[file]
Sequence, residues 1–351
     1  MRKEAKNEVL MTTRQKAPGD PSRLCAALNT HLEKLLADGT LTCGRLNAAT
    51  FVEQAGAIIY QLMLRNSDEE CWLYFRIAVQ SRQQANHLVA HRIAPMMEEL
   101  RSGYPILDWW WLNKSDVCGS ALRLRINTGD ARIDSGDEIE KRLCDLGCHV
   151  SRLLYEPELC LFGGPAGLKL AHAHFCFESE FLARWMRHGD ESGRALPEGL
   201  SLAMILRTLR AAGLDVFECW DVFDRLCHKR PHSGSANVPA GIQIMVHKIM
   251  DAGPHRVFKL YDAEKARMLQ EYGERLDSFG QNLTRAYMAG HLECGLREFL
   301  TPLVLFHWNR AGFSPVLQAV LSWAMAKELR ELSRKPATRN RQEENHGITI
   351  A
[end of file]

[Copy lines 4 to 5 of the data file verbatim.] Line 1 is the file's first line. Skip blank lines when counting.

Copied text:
   101  RSGYPILDWW WLNKSDVCGS ALRLRINTGD ARIDSGDEIE KRLCDLGCHV
   151  SRLLYEPELC LFGGPAGLKL AHAHFCFESE FLARWMRHGD ESGRALPEGL